Steven Secker

Candidate for the Heron ward in Armadale

Tag: financial

Financial Management

Published / by Steven / Leave a Comment


One of the most important rules of financial management is living within your means. When times are tough, and the income isn’t enough to pay the bills, we borrow money using the assets we have available as security. It is then important to make sure that repayments and interest on the debt remain manageable. Promising that the government will fund particular projects when those in control know not only that there isn’t enough money available but also that borrowing more will put pressure on the budget is both lying and irresponsible. When the Labor [sic] Party in WA lost power at the election in 2007, it left a State debt in the order of three billion dollars. After eight years of a coalition government that State debt has ballooned out to thirty billion dollars, and yet the government continues to commit funds to major projects for which it cannot guarantee enough funding to complete the task. While everyone else was asking what we would do when the mining boom ended the State government kept assuming that royalties from iron ore and oil/gas work would continue to grow. There was no planning for a future with much reduced royalties. As someone who has been involved in financial planning I find that incredible. Now the government claims that we need to sell off mor than half of Western Power to pay off the debt run up because of its own mismanagement, and it has the gall to claim that the Labor [sic] Party is bad with finances.

In the lead up to the Canning By-election in 2015, Canberra promised the funding to upgrade Armadale Road for the 7km which is not dual-carriageway. The State government admits that Armadale Road needs to be upgraded, and it has support from all relevant sectors, yet its controversial Roe 8 project has been pushed through first and work on Armadale Road is now not scheduled to start until 2018.

It is time we all stopped believing the vote-buying promises made by politicians when they know that either there isn’t enough money in the pot, or they aren’t going to be in a position to control what happens to the money which is there. When politicians promise to fund a particular project we should always ask when that project will be started and when it will be completed. If the start time is beyond the life of the next parliamentary term then we should ignore the promise.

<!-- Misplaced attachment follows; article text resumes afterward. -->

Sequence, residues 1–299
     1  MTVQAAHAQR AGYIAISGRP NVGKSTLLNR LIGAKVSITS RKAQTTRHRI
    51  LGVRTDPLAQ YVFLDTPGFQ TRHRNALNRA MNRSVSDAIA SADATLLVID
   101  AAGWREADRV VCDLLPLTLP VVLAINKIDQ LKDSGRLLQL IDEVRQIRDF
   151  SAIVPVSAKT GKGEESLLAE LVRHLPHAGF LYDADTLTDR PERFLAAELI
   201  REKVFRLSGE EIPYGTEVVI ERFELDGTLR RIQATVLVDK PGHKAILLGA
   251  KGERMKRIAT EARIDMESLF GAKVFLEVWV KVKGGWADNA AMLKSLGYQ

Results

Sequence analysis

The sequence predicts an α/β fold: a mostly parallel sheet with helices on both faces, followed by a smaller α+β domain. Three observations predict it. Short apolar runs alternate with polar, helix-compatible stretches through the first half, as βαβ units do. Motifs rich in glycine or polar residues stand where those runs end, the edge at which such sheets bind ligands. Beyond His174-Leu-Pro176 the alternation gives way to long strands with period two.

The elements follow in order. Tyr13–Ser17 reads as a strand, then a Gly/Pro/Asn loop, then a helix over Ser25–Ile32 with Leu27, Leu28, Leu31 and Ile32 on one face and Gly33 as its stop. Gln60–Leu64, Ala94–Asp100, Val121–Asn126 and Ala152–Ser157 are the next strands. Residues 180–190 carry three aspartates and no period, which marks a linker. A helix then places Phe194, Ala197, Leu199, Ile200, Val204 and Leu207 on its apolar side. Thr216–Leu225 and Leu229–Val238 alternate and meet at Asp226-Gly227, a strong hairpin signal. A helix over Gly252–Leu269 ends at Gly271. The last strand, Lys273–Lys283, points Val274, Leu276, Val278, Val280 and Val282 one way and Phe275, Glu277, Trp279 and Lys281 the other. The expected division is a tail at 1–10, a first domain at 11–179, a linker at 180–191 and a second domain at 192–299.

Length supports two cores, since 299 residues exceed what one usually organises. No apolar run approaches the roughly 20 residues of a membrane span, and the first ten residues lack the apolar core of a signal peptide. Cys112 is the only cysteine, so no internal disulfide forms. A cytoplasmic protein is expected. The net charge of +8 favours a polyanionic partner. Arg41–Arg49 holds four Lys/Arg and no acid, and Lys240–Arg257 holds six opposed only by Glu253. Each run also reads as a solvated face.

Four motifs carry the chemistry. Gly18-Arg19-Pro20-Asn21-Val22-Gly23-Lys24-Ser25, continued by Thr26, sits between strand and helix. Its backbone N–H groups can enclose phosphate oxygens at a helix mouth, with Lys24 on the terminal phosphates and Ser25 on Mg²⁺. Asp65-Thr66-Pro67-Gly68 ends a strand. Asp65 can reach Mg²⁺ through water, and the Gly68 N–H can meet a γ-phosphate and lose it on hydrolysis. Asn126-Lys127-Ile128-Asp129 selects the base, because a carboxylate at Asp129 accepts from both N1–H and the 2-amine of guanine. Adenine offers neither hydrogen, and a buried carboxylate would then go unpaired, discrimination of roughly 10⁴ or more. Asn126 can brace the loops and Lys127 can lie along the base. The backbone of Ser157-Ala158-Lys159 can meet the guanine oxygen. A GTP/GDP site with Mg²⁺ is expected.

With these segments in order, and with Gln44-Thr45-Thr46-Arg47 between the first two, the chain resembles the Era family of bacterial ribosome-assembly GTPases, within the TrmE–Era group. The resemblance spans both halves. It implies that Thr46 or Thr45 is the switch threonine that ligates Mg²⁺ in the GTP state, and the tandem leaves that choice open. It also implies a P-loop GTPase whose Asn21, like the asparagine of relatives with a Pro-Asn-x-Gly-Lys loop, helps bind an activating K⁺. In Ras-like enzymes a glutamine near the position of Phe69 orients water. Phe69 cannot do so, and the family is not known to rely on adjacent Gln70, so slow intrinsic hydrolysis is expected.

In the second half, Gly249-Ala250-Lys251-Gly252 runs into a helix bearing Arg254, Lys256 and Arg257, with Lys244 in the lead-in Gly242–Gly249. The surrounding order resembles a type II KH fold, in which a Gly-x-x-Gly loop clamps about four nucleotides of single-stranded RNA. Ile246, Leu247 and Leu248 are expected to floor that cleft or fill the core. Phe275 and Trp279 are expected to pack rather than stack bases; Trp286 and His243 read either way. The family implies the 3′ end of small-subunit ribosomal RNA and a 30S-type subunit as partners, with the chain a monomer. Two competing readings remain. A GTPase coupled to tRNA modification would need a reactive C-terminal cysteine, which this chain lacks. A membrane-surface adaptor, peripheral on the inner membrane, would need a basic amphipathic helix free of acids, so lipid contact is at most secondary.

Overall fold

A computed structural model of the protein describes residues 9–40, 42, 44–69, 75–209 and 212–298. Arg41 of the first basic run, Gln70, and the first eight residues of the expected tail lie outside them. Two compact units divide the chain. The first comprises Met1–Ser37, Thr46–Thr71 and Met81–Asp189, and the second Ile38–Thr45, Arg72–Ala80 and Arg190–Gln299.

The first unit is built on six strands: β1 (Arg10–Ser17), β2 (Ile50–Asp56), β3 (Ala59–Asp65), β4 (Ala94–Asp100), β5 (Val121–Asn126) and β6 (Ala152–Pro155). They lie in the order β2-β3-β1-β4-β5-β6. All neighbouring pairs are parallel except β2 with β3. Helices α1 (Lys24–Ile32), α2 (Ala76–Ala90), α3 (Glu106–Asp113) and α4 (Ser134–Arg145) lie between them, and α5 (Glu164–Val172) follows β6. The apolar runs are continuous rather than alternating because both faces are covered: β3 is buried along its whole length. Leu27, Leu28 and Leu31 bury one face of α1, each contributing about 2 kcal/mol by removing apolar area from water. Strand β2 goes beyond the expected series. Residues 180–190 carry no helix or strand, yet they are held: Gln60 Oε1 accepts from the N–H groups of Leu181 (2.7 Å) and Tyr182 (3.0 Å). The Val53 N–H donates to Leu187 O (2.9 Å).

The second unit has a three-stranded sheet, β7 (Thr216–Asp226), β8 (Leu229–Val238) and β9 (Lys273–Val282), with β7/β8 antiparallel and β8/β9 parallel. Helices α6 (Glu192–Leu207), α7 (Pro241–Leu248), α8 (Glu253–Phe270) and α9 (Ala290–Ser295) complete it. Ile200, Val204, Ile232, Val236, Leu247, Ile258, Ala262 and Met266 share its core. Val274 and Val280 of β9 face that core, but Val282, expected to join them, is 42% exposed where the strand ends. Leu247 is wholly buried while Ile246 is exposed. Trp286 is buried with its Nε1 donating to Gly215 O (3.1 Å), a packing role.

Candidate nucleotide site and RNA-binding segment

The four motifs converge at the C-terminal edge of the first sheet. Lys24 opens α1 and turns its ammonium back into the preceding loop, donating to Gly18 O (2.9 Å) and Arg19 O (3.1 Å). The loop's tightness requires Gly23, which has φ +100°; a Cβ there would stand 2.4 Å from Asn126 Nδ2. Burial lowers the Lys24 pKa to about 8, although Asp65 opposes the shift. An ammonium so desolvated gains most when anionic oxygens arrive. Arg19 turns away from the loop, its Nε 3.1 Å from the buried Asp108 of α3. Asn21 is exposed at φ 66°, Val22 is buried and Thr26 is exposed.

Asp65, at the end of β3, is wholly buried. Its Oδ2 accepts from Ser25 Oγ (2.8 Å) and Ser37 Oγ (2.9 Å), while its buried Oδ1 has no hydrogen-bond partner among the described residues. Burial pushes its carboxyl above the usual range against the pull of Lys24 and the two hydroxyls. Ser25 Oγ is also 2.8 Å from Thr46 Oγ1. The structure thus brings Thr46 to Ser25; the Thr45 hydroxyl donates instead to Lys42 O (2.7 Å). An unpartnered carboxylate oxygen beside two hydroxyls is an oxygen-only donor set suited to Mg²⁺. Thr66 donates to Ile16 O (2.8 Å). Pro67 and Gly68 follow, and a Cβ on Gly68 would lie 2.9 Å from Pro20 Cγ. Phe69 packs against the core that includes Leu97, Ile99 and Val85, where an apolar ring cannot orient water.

Even at a state level we can invest heavily in renewable energy, providing the vast majority of workers displaced by closure of mines and oil fields with work in that sector. The economic benefit is huge, and the cream comes with our positive action on environmental issues. Successive governments have been too closely aligned to the oil and mining companies to be willing to push alternative employment prospects.

The Policy

● I will push strongly for time frames to be attached to any promise of funding for projects which have the potential to buy votes at an election;
● I will persistently ask for evidence that a promised project can be funded within the period up to the next election, and will hold decision-makers accountable for any delays;
● I will push strongly for much greater Western Australian involvement in the renewable energy sector, and for power companies to be free to buy all the electricity they can from renewable resources, including household and commercial property PV cells.

Authorised by Steven Secker, 4 Dower Court, Armadale.